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Valuing Social Media, Minus the Miracles

Valuing Social Media, Minus the Miracles
By Ian Lurie

You can assign a value to a social media follower. First, though, you dump the one-size-fits-all mentality and treat social as just another channel.As little as a few months ago, marketers referenced social media campaigns with breathless awe. CMOs trembled in fear if a competitor launched a Pinterest page before them. They knew they were in trouble with the boss. As a geek with a history degree, I compare it to the Yukon Gold Rush: Clearly, Facebook and Twitter were strewn with profits. All you had to do was sign up, and money would start oozing from your keyboard.

That led to a lot of really poor analysis. Tools popped up everywhere claiming they could “measure social media ROI.”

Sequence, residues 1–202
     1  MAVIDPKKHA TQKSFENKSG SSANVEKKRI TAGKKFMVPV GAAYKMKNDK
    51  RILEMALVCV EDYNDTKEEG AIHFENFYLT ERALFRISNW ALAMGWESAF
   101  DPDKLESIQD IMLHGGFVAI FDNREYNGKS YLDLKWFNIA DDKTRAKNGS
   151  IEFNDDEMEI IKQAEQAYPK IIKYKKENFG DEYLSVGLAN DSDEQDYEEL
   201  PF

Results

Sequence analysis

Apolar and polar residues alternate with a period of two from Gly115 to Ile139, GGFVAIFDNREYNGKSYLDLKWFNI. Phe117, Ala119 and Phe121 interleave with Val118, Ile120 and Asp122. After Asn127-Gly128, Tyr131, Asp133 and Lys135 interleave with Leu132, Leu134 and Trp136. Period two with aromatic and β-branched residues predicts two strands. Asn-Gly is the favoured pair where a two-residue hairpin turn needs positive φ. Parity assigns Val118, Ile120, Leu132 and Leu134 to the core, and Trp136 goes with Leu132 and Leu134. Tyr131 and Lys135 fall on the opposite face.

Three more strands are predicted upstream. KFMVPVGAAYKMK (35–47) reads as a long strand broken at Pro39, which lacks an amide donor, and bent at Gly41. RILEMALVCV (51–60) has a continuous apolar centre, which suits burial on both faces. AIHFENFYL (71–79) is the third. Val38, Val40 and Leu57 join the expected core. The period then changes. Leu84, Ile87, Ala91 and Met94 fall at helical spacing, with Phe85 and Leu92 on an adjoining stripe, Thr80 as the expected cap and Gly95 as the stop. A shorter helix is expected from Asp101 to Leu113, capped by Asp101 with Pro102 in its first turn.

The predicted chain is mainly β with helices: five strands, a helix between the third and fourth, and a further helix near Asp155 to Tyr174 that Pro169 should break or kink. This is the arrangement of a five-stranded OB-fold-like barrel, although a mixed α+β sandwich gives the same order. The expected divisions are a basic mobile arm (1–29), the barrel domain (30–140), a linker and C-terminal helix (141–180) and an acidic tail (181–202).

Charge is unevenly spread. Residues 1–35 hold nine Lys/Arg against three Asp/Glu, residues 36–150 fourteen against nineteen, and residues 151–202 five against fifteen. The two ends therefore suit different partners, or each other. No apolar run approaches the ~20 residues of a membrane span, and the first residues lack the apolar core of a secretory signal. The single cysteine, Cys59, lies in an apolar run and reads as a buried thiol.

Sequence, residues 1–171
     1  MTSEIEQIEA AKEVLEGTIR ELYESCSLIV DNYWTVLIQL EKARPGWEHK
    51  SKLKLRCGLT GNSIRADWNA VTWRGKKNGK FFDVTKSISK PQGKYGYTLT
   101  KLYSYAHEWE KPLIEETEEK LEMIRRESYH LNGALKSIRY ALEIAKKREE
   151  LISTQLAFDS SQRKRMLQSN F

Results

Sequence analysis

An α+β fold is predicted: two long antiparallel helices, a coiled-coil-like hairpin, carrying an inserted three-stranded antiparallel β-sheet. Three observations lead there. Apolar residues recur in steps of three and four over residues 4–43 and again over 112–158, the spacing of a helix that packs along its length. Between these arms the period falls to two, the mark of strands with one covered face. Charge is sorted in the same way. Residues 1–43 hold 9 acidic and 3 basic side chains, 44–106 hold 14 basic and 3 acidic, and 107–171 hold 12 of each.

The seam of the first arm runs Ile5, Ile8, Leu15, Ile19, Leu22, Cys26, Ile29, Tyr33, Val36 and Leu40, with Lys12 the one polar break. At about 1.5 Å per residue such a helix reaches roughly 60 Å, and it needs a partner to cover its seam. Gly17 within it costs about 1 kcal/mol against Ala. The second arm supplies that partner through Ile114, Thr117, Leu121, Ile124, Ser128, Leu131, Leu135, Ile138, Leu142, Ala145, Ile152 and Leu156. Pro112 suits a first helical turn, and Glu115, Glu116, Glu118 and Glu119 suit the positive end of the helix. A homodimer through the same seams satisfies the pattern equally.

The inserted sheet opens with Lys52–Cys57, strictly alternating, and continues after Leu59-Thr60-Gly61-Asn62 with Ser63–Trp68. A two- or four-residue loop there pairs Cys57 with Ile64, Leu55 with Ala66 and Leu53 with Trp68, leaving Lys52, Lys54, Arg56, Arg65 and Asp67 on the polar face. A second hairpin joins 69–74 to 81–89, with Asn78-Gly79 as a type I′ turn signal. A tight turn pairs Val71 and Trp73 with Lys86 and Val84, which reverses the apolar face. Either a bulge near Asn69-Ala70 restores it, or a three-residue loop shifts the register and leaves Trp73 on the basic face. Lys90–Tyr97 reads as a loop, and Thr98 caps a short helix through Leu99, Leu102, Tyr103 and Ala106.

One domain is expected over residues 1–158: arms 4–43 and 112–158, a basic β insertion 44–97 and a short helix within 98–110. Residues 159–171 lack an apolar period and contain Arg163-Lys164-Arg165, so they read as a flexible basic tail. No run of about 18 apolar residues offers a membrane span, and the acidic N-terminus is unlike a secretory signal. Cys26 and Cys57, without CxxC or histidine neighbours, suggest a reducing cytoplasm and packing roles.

They all kinda suck. Instead of trying to measure social media through black-box “ultimate solutions,” you need to learn some basic math—or even statistics—and do real analysis. Here are three options, from simplest to hardest. All of these options attempt to do three things:

  1. Determine the value of a single follower on a specific social network.
  2. Determine the value of a visitor from a social network.
  3. Create a metric you can compare to other channels, such as search.
All of these examples assume you’re using an analytics package at least as good as Google Analytics.

First, some variables

Just for reference, here are the variables I’ll use, and what they mean: Fv = Follower lifetime value; Uv = Click lifetime value; LTv = Average customer lifetime value; TOv = Total lifetime value; F = Total followers; U = Total unique visitors; C = conversions.